The majority of people in Texas’ county jails are simply awaiting trial. Sadly, the number of women awaiting trial grew 48% between 2011 and 2017, even as the number of female arrests in Texas decreased 20% over that time period. Texas must take steps to ensure that women detained in county jails have access to needed care. The bills below will improve the treatment of pregnant women in county jails, while also expanding access to feminine hygiene products and improving overall data collection on incarcerated women.
*** The bills with asterisks below were priority bills on TCJC’s legislative agenda.
*** HB 1651 (Authors: Mary González, White, Charles “Doc” Anderson | Sponsor: Alvarado), Relating to the care of pregnant women confined in county jail. By December 2019, the Texas Commission on Jail Standards (TCJS) must adopt rules and procedures to ensure that each county jail’s health services plan addresses obstetrical and gynecological care, and that each county jail identifies when a pregnant woman is in labor and provides appropriate care, including promptly transporting her to a local hospital.
Also by December 2019, TCJS must adopt rules and procedures regarding the use of restraints to control or restrict the movement of a woman who is confirmed to be pregnant or who gave birth in the preceding 12 weeks. The rules and procedures must:
- prohibit the use of restraints for the duration of the pregnancy and at least 12 weeks after giving birth unless: they are necessary to prevent an escape attempt, the woman poses a threat to the health and safety of herself or others, or the woman’s health care professional determines they are necessary for the health and safety of the woman or her unborn child;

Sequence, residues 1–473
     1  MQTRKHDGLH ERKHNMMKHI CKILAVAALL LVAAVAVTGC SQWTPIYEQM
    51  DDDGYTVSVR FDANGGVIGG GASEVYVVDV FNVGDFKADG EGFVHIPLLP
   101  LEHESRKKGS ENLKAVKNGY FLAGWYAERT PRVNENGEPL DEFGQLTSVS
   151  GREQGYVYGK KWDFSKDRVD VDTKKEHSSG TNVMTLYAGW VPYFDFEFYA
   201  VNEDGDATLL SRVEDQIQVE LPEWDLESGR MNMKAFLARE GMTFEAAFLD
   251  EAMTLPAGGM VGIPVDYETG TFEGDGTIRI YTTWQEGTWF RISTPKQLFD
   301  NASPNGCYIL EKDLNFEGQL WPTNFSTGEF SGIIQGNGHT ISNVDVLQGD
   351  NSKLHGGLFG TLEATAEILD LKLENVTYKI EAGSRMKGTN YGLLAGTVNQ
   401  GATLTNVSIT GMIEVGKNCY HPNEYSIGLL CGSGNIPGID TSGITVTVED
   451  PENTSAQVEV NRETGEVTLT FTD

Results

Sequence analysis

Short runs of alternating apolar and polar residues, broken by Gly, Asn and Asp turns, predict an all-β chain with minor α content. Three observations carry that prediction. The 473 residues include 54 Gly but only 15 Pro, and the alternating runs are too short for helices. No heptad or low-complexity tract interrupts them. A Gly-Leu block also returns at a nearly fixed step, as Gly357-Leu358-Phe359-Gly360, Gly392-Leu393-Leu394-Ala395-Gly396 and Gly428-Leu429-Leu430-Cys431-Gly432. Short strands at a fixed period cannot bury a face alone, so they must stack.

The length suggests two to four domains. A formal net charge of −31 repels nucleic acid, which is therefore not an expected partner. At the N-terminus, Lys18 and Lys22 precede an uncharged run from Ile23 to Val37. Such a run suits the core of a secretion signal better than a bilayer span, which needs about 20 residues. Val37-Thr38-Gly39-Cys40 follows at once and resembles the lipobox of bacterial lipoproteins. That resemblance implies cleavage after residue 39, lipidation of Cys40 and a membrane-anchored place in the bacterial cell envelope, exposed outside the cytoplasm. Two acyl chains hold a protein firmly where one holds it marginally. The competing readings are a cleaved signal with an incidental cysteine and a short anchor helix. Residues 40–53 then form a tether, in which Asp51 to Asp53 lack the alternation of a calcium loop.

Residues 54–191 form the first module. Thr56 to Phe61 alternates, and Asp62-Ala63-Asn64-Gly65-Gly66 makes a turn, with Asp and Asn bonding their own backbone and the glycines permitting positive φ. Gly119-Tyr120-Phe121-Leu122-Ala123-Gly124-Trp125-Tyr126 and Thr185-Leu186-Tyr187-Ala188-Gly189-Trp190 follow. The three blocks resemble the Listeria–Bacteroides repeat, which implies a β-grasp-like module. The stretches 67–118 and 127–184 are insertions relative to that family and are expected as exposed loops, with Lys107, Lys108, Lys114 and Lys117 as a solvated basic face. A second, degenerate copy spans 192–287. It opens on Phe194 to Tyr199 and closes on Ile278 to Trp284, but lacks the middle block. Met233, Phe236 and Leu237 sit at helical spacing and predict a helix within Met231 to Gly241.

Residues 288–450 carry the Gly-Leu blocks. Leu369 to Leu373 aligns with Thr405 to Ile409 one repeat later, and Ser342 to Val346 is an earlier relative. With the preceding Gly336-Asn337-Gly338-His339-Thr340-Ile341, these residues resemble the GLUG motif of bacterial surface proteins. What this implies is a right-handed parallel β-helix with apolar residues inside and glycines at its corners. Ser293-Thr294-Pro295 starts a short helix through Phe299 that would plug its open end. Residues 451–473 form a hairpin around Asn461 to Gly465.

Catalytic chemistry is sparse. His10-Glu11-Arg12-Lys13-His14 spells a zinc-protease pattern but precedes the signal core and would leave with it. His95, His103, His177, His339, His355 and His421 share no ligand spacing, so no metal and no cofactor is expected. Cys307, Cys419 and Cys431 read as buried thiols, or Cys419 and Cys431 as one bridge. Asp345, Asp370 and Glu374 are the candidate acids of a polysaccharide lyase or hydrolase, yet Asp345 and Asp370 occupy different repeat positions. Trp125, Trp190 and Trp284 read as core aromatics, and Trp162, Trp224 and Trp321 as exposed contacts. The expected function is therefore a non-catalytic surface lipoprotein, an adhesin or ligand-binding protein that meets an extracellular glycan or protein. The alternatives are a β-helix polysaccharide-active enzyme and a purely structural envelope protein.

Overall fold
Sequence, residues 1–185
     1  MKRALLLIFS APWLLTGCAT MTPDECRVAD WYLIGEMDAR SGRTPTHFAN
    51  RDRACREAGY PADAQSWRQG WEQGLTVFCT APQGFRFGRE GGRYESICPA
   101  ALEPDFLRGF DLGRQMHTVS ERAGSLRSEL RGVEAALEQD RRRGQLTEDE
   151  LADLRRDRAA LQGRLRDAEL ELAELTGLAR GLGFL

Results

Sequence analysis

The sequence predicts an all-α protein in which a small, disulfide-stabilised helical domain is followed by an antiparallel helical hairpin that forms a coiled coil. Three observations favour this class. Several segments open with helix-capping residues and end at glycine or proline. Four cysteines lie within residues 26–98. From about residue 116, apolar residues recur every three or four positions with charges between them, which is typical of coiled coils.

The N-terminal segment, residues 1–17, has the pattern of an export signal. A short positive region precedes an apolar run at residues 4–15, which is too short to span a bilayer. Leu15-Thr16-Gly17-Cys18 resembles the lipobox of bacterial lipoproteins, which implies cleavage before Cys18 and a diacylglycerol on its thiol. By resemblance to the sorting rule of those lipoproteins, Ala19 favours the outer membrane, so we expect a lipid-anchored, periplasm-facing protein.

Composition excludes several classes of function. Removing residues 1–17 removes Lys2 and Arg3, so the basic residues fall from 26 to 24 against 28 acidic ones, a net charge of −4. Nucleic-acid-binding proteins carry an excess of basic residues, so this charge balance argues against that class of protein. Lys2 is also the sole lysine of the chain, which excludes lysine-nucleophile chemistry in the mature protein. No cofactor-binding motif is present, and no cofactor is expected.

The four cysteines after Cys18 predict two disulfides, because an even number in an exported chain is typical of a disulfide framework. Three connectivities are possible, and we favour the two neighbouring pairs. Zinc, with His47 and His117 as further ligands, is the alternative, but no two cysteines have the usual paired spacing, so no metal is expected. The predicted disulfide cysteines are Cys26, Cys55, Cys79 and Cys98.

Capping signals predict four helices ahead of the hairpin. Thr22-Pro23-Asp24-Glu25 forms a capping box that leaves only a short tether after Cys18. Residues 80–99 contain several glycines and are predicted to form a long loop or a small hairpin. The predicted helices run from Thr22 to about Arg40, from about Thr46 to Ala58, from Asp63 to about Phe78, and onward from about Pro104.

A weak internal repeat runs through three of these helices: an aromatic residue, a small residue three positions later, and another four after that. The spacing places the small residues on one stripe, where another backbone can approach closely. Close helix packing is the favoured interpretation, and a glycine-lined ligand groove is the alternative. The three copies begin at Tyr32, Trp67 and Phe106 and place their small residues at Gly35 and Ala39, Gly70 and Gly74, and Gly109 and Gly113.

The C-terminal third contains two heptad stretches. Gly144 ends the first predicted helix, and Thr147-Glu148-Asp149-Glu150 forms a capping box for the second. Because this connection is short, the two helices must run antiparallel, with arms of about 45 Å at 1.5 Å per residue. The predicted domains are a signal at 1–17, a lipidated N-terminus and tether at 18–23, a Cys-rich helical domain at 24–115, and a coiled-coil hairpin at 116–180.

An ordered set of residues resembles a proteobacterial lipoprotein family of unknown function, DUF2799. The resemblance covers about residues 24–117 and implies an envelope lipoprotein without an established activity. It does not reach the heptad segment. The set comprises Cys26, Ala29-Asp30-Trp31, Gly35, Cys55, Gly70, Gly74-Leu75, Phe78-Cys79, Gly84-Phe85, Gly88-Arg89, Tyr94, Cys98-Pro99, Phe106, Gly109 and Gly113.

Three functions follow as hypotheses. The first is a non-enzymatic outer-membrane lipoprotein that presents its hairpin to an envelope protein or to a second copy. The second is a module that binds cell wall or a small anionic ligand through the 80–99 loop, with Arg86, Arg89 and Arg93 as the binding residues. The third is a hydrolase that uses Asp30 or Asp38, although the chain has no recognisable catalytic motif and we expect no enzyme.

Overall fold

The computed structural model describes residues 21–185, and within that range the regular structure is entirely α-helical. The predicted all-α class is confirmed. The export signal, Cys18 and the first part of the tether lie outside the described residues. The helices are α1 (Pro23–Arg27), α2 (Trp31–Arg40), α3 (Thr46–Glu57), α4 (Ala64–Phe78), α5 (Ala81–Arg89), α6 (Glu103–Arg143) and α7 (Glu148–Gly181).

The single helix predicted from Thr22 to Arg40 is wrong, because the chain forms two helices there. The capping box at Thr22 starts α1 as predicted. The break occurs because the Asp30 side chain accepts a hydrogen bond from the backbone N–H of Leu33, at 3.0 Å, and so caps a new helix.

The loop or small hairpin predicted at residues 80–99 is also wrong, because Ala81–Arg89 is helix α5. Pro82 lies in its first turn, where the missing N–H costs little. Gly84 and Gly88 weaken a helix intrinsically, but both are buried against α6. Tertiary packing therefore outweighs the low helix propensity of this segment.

- require jail staff to use the least restrictive restraints necessary to prevent escape or ensure health and safety; and
- require jail staff to refrain from using restraints or remove them at the request of the health care professional.
Each county jail must annually submit to TCJS a report on the jail’s use of restraints during the preceding calendar year on a confirmed-pregnant woman or one who gave birth in the preceding 12 weeks; the report must include the circumstances of each use of restraints, including the specific restraints used, what the woman was doing immediately before being restrained, whether the woman was restrained during or after delivery or while being transported to a local hospital, and the reasons supporting the determination to use restraints, as well as a description of the process by which the determination was made, and the name and title of the person(s) making the determination. – Signed by the Governor; effective on 9/1/2019
*** HB 2169 (Authors: Allen, Rosenthal, Wu, Ramos, Neave | Sponsor: Whitmire), Relating to reporting concerning female prisoners who are confined in county jails and to the provision of feminine hygiene products to female prisoners. By December 2019, the Texas Commission on Jail Standards (TCJS) must establish minimum standards for the quantity and quality of feminine hygiene products provided to incarcerated women – including tampons in regular and large sizes and menstrual pads with wings in regular and large sizes. Separately, in each county’s monthly report to TCJS on its jail population, it must include information on the number of women confined, beginning in October 2019. – Signed by the Governor; effective on 9/1/2019